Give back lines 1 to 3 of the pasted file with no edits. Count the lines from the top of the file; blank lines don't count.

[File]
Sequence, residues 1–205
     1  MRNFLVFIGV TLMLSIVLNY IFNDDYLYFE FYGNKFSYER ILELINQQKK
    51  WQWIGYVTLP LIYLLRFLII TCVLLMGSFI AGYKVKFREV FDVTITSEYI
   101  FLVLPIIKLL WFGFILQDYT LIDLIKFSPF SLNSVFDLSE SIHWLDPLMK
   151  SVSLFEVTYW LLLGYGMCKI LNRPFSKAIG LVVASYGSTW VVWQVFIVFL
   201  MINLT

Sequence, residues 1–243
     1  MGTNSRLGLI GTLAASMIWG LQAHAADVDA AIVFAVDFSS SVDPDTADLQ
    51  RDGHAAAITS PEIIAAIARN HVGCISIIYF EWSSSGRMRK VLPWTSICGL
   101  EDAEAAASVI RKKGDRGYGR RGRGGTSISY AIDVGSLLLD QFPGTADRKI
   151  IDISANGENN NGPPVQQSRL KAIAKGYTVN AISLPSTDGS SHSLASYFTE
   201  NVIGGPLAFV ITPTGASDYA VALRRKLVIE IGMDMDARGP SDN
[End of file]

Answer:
Sequence, residues 1–205
     1  MRNFLVFIGV TLMLSIVLNY IFNDDYLYFE FYGNKFSYER ILELINQQKK
    51  WQWIGYVTLP LIYLLRFLII TCVLLMGSFI AGYKVKFREV FDVTITSEYI